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Legislative Assembly for the ACT: 1999 Week 9 Hansard (2 September) . . Page.. 2785 ..

Motion (by Mr Berry ) agreed to, with the concurrence of an absolute majority:

That so much of the standing and temporary orders be suspended as would prevent order of the day, Assembly business, relating to the disallowance of the Maternal Health Information Regulations 1999, having precedence over Executive business in the ordinary routine of business this day.

MS CARNELL: Mr Speaker, to sum up, my view on this is very clear and I have been consistent all the way through. I am pro-choice, but I believe very strongly that pro-choice is about giving women the capacity to choose based upon a full suite of factual information. Nobody has indicated in this place that any of the information put forward is not factual. Certainly, having had a look at it, it looks factual to me.

We are giving all of the information that the expert panel put forward, plus some extra information. I think I have been really consistent all the way through my professional and political career in saying that I believe in full disclosure, full information, and real choice for people in all sorts of areas, and this is just one of them. I believe that women should have a capacity to choose whether they have a termination or not, but I believe that when making a very difficult decision, as this one is for any woman, more factual information cannot hurt.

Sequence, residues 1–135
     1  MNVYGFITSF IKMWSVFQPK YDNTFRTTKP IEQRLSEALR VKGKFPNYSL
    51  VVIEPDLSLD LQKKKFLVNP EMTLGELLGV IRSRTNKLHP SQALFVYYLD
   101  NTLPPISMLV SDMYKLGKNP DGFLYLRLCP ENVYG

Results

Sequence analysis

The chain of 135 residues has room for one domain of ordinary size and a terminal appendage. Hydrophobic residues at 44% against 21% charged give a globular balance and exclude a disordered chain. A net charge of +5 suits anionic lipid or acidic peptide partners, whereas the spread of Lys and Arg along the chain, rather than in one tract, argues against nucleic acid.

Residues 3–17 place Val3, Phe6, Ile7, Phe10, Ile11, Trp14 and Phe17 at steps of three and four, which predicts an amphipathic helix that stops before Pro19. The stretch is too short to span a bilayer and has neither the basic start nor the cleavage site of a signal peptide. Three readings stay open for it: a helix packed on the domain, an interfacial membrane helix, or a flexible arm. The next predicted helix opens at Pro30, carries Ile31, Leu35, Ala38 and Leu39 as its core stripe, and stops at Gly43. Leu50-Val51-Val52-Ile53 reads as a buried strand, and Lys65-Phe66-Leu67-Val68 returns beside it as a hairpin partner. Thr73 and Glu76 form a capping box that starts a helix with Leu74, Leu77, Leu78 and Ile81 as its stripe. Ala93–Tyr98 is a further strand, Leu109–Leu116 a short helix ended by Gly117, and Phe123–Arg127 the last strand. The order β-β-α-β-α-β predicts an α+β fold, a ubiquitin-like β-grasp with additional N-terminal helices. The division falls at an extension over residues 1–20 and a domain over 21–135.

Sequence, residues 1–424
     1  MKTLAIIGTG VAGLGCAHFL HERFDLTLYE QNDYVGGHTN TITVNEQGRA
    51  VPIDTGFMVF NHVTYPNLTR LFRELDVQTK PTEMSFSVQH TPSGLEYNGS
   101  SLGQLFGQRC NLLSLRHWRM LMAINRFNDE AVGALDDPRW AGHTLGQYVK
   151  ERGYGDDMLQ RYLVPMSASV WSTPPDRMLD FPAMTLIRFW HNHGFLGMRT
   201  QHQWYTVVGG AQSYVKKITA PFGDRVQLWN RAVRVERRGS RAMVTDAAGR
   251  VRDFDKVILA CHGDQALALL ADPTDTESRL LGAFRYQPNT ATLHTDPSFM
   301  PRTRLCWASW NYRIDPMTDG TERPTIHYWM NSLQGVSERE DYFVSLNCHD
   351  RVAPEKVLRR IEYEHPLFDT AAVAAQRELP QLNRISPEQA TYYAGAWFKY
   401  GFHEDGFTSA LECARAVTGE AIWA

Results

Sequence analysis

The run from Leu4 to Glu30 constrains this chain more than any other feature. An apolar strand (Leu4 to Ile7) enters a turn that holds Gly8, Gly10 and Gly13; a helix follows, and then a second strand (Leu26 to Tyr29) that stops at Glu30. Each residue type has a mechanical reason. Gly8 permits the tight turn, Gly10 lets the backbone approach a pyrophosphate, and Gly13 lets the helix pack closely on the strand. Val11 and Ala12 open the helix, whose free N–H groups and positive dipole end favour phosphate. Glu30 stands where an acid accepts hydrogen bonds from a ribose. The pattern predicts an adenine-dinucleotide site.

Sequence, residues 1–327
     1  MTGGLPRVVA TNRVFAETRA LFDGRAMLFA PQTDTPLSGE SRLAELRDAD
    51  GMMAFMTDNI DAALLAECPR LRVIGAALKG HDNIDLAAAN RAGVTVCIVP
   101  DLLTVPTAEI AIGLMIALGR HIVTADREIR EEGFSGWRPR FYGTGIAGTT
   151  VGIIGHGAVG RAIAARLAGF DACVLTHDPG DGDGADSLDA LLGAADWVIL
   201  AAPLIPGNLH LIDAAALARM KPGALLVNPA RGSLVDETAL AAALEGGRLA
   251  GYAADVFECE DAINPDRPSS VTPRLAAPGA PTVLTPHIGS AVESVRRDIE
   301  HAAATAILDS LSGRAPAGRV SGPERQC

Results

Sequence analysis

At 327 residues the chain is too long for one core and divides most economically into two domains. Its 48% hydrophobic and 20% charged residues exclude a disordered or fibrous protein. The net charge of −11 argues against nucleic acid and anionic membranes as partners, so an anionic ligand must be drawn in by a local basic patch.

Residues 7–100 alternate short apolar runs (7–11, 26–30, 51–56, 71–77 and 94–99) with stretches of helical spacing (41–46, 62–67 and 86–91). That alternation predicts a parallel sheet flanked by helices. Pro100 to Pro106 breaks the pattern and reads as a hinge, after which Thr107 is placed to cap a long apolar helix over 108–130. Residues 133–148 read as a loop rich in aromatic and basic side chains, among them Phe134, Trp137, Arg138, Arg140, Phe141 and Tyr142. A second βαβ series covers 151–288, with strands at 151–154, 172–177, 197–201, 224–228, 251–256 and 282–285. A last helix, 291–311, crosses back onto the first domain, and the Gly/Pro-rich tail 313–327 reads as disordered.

Nobody is forcing a woman to read something they do not feel a need for. Give them a booklet and if they want to throw it in the bin they can do so. If they feel a need for more information to make a decision, they can read it. How can this, Mr Speaker, be somehow negative to choice, negative to women's rights? Next we will be saying we should not be giving full information on the contraceptive pill or other things, or other areas like that, just in case it might somehow cloud women's capacity to make a decision. I just do not accept that, Mr Speaker. Again, I respect others' view on this. From my perspective it is something that I believe very strongly in, and I would expect everyone - I suppose everyone but Mr Berry - to respect my views as well.

MR MOORE (Minister for Health and Community Care) (11.53): I think we have to be very careful we do not get sidelined here on the issue that we are dealing with. The main issue on the matter of abortion as far as I am concerned is that women have access to safe, medically provided terminations. They still have that in the ACT, although I remind members that not so long ago it looked likely that that was not going to happen.

What is my view with regard to this specific regulation? I just say, "No, we should not be doing it". We should not be doing it, I think most importantly, because there are women who will be particularly distressed by this material, and I speak specifically of women who find they are carrying a foetus with a foetal abnormality. I think that is the strongest of all arguments against this. But there is a second argument. My view is that we should have no legislation at all that deals with the medical procedure. I see termination simply as a medical procedure, and it requires no legislation at all.

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